draft-ietf-idr-bgp-vuln-00.txt. work in progress
13. Author's Addresses
David Meyer David Meyer
Email: dmm@1-4-5.net Email: dmm@1-4-5.net
Keyur Patel Keyur Patel
Cisco Systems Cisco Systems
Email: keyupate@cisco.com Email: keyupate@cisco.com
15. Full Copyright Statement 14. Full Copyright Statement
Copyright (C) The Internet Society (2003). All Rights Reserved. Copyright (C) The Internet Society (2004). This document is subject
to the rights, licenses and restrictions contained in BCP 78 and
except as set forth therein, the authors retain all their rights.
This document and translations of it may be copied and furnished to This document and translations of it may be copied and furnished to
others, and derivative works that comment on or otherwise explain it others, and derivative works that comment on or otherwise explain it
or assist in its implementation may be prepared, copied, published or assist in its implementation may be prepared, copied, published
and distributed, in whole or in part, without restriction of any and distributed, in whole or in part, without restriction of any
kind, provided that the above copyright notice and this paragraph are kind, provided that the above copyright notice and this paragraph are
included on all such copies and derivative works. However, this included on all such copies and derivative works. However, this
document itself may not be modified in any way, such as by removing document itself may not be modified in any way, such as by removing
the copyright notice or references to the Internet Society or other the copyright notice or references to the Internet Society or other
Internet organizations, except as needed for the purpose of Internet organizations, except as needed for the purpose of
skipping to change at line 747 skipping to change at page 2, line 698
The limited permissions granted above are perpetual and will not be The limited permissions granted above are perpetual and will not be
revoked by the Internet Society or its successors or assigns. revoked by the Internet Society or its successors or assigns.
This document and the information contained herein is provided on an This document and the information contained herein is provided on an
"AS IS" basis and THE INTERNET SOCIETY AND THE INTERNET ENGINEERING "AS IS" basis and THE INTERNET SOCIETY AND THE INTERNET ENGINEERING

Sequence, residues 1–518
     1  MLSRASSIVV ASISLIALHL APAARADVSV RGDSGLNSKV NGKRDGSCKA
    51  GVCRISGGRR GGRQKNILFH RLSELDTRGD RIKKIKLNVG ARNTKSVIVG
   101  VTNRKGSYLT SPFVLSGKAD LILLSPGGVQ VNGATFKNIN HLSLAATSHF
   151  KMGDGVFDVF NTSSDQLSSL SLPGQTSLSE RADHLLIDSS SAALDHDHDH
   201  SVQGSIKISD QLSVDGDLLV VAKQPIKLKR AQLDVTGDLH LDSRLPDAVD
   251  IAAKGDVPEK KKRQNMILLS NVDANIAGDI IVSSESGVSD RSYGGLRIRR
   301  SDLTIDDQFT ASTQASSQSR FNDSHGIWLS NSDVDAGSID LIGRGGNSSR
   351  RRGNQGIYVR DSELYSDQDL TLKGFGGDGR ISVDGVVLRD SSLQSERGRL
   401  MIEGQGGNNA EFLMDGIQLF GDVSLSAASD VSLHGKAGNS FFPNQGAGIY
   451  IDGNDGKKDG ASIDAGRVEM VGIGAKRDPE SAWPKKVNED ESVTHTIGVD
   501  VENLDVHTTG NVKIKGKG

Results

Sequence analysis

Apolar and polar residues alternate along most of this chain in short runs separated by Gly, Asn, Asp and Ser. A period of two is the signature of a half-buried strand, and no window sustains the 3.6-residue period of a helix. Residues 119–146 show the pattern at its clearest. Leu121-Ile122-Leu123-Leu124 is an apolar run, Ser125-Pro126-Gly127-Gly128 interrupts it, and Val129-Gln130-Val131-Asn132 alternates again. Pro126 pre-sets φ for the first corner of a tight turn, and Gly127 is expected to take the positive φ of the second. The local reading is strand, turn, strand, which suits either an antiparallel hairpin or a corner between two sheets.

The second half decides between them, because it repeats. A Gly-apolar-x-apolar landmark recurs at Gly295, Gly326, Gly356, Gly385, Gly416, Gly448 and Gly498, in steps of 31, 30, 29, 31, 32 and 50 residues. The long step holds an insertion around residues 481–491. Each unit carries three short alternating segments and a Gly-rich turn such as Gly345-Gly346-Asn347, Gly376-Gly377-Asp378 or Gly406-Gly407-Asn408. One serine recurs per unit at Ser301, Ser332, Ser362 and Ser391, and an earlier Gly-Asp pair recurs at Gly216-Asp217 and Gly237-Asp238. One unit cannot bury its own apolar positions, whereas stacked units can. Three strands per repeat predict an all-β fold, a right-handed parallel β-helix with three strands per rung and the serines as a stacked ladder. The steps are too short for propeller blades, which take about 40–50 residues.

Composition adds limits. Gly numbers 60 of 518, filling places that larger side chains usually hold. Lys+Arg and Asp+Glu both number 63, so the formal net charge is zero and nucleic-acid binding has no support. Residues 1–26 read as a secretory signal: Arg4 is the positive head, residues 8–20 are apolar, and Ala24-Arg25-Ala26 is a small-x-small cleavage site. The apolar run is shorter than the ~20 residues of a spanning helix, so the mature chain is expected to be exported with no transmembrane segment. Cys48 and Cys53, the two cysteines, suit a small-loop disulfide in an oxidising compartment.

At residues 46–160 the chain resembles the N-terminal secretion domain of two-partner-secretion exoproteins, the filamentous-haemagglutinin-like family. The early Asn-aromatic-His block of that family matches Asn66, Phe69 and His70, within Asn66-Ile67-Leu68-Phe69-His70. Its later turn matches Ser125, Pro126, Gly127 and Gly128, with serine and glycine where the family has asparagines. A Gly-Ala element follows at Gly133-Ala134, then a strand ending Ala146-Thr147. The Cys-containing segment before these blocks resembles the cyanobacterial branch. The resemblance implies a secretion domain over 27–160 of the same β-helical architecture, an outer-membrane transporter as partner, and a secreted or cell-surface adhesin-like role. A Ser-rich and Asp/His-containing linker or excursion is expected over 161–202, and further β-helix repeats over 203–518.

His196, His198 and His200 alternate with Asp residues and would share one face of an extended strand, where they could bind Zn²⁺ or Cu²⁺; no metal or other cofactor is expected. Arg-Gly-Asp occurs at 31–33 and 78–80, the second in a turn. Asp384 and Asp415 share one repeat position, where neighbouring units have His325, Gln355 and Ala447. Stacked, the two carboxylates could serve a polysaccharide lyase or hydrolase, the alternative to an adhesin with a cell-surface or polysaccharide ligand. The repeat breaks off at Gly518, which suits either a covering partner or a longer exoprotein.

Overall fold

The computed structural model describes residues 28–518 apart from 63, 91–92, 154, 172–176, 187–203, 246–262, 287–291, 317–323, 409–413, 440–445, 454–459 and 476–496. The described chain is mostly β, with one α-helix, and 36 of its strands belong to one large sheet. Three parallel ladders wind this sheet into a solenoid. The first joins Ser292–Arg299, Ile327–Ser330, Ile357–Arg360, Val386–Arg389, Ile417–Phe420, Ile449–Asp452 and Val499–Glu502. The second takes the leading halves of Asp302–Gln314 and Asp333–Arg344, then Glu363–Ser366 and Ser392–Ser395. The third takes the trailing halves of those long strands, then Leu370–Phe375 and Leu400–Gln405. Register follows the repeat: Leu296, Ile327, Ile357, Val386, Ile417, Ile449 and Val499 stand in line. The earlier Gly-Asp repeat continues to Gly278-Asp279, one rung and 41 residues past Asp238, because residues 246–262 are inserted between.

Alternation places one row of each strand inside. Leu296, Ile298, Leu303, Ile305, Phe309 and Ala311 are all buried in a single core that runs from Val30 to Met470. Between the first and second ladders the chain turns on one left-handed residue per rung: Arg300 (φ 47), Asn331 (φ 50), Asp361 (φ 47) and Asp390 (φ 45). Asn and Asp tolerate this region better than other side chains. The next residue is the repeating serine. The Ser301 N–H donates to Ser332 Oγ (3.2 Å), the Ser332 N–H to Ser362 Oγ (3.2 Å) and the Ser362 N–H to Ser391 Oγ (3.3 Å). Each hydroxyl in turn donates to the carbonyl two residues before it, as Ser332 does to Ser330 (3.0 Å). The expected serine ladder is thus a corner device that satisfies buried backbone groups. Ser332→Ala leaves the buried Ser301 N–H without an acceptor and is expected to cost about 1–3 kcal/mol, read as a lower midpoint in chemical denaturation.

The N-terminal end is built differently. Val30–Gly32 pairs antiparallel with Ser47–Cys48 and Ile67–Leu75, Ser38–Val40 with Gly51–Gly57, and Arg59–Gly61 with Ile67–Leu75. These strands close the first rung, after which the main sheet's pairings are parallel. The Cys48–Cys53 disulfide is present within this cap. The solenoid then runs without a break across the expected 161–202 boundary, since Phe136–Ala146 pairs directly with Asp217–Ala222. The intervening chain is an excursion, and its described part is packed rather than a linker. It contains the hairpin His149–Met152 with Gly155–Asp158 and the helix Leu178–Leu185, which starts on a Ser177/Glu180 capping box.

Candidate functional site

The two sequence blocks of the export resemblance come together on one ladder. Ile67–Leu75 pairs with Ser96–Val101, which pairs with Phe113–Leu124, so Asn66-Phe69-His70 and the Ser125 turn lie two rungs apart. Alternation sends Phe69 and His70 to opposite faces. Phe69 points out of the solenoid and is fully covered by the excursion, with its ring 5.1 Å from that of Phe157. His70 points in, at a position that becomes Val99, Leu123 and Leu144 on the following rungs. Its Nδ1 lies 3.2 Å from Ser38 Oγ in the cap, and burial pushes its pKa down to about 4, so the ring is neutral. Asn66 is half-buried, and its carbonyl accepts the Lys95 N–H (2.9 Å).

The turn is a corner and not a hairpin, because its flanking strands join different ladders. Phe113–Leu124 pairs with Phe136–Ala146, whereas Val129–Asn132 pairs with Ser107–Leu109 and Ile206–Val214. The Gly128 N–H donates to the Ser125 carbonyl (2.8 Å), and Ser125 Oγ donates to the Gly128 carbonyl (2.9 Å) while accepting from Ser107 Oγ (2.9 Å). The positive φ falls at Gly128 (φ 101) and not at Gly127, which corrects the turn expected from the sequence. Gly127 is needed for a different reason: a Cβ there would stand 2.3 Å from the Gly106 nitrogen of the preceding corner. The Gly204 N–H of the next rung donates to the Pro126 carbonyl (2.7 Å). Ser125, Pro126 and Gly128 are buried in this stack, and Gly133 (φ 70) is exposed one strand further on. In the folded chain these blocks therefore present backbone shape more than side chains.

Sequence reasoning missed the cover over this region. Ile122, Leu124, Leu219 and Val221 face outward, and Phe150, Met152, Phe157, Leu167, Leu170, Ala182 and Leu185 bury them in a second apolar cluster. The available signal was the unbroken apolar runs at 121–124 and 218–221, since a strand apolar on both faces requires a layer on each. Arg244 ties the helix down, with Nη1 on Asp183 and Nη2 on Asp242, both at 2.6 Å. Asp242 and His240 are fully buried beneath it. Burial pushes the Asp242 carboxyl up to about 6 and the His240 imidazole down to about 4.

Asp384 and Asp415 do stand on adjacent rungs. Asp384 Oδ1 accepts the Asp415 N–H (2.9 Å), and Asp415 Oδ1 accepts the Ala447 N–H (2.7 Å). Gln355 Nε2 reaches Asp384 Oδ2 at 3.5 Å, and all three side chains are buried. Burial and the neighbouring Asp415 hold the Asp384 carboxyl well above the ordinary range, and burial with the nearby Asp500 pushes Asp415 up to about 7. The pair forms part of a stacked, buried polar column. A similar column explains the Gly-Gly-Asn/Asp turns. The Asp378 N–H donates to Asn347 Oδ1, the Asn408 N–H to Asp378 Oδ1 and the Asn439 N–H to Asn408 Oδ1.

TASK FORCE DISCLAIMS ALL WARRANTIES, EXPRESS OR IMPLIED, INCLUDING TASK FORCE DISCLAIMS ALL WARRANTIES, EXPRESS OR IMPLIED, INCLUDING
BUT NOT LIMITED TO ANY WARRANTY THAT THE USE OF THE INFORMATION BUT NOT LIMITED TO ANY WARRANTY THAT THE USE OF THE INFORMATION
HEREIN WILL NOT INFRINGE ANY RIGHTS OR ANY IMPLIED WARRANTIES OF HEREIN WILL NOT INFRINGE ANY RIGHTS OR ANY IMPLIED WARRANTIES OF
MERCHANTABILITY OR FITNESS FOR A PARTICULAR PURPOSE. MERCHANTABILITY OR FITNESS FOR A PARTICULAR PURPOSE.
15. Intellectual Property
The IETF takes no position regarding the validity or scope of any
Intellectual Property Rights or other rights that might be claimed to
pertain to the implementation or use of the technology described in
this document or the extent to which any license under such rights
might or might not be available; nor does it represent that it has
made any independent effort to identify any such rights. Information
on the procedures with respect to rights in RFC documents can be
found in BCP 78 and BCP 79.
Copies of IPR disclosures made to the IETF Secretariat and any
assurances of licenses to be made available, or the result of an
attempt made to obtain a general license or permission for the use of
such proprietary rights by implementers or users of this
specification can be obtained from the IETF on-line IPR repository at
http://www.ietf.org/ipr.
The IETF invites any interested party to bring to its attention any
copyrights, patents or patent applications, or other proprietary
rights that may cover technology that may be required to implement
this standard. Please address the information to the IETF at ietf-
ipr@ietf.org.
16. Acknowledgement
Funding for the RFC Editor function is currently provided by the
Internet Society.